Does art have to be objective? | The Daily Star
12:00 AM, February 17, 2020 / LAST MODIFIED: 12:00 AM, February 17, 2020

Does art have to be objective?

Earlier this month, Todd Phillips' Joker enjoyed a tremendous night at the 92nd Academy Awards, picking up a whole host of Oscars including Best Actor for Joaquin Phoenix's virtuoso portrayal of Arthur Fleck. However, the road did not begin as sweetly for the movie; even before it ever hit theatres, criticism was flooding in regarding the violent nature of the content and how it may impact viewers.

Straightaway, it goes without saying that some movies and shows make it extremely clear what message they are trying to send, with subsequent confirmation from directors or other relevant figures. It is also sad to note that many times those messages are rather regrettable, *cough* Kabir Singh. However, we still live in a world where thankfully, the majority of entertainment content available to us remains unbiased with regards to their social narrative.

Going back to the first example, the initial reception may seem incredibly strange given the Clown Prince of Crime is generally seen as one of the most violent characters in all of pop culture. But Joker is certainly not the first film, TV show, song or any kind of art form to be called into question for the supposed message propagated by it. This leads me to ask, is it really an obligation for movies and other forms of entertainment to explicitly tow a line of morality when it comes to the expression of its characters? Is it a movie's job to repeatedly tell you which of its people are bad and why?

Let's start by looking at a movie from the perspective of a general viewer. When you go to a theatre or start streaming something on Netflix, the idea is to experience a story that is larger than life and that leaves you on the edge of your seat. And of course, in order for that to happen, said story must be centred around interesting characters and their developments. But does interesting storytelling and intriguing characters mean they have to be good people, or that the narrative has to clearly establish who is good and why? After all, the beauty of art is often in its subjectivity. You want to be able to debate the decisions made by a character, and see how your opinion of them stacks up against those of others. Good art can never have only one way of looking at it.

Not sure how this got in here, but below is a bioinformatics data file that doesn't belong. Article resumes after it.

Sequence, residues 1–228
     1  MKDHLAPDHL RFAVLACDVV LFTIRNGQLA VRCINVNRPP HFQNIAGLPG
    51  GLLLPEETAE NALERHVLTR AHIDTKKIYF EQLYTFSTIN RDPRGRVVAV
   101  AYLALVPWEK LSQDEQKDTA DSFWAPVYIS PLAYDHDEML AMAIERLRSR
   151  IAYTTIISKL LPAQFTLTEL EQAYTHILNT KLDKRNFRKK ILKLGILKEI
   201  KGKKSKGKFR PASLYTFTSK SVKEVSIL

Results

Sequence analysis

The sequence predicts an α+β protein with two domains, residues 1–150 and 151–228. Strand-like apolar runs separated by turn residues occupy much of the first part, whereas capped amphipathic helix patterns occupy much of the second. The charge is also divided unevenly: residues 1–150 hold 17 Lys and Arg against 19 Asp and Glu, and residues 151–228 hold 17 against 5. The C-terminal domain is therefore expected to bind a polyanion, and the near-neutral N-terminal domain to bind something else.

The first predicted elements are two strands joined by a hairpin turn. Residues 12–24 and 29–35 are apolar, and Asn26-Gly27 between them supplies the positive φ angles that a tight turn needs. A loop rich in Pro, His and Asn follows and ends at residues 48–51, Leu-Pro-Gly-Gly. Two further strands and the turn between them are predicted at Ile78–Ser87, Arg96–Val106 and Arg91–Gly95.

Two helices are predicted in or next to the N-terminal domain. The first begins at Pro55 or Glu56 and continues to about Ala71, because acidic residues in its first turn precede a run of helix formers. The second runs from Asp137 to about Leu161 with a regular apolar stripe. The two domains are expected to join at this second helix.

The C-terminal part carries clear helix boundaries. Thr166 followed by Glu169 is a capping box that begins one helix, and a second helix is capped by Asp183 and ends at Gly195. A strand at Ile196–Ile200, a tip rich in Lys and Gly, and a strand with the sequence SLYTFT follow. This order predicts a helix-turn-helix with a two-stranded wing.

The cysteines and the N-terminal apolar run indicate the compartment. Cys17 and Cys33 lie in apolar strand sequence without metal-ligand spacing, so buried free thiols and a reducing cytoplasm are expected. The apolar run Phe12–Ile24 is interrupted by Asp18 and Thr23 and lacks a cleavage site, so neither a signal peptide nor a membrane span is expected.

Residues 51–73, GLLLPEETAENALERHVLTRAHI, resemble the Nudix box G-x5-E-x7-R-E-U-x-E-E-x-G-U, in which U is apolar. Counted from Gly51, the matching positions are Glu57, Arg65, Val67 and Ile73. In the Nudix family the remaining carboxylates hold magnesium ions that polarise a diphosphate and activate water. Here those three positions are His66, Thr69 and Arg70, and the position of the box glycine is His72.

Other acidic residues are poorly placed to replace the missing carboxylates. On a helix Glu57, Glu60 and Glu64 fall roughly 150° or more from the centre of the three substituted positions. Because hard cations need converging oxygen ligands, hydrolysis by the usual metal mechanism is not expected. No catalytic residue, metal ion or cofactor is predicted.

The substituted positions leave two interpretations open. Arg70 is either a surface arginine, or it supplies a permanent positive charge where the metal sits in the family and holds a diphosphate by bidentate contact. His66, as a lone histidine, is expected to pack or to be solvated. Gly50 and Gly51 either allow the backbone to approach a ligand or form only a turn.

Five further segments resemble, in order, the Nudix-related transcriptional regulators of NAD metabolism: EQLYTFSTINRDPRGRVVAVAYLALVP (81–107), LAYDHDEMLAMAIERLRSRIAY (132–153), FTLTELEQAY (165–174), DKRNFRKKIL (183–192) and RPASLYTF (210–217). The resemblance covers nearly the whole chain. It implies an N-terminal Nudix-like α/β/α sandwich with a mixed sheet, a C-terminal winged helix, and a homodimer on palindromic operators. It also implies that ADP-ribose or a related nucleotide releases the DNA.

And on the subject of good art, or more specifically good movies and shows, most critics and experts agree that the best stories are the ones that do not constantly underline and reiterate the meaning behind what we are seeing. "Don't bash your audience over the head with it", as it is often said. Subtlety is arguably the most important of all storytelling elements, which allows plots to be deeply layered and nuanced. Hence, creative freedom and excellence often necessitate the disguising of meanings, allowing the viewer to decide what they find to be good and what or who they find to be bad. At the end of the day, art is a representation of the world, the whole world, which of course includes people and emotions from all parts of the morality spectrum.

Thus, whenever an individual consumes an entertainment product, they have their own part to play in this particular seller-consumer dynamic. The seller will create their art and present it to the consumer. The consumer must then decide on what it really means. And the question of whether or not people are able to interpret the meanings correctly and in a non-damaging way, is basically a question of whether or not people have an understanding and acceptance of what is ethically correct and what isn't.

So whether it be the Joker instigating anarchy or Ki-woo conning his way into exploiting a wealthy family, the underlying negative emotions and motives are presented as they are, for the purpose of telling the story of their characters. It is this tapestry of dark desires that made these movies such a gripping viewing experience. Similarly, even with story lines such as Clarice Starling putting everything on the line to pursue Hannibal Lecter, or Tony Stark sacrificing himself to save the universe, it is still up to the viewer to decide how much they agree with their actions and how they think the characters could have achieved their goals in a different way better suited for everyone.

Art is meant to depict life in ways that we could not have thought of otherwise, but what it means and the message it sends, is also up to the audience. 

 

Saam Hasan is a pop culture writer for whatculture.com. 

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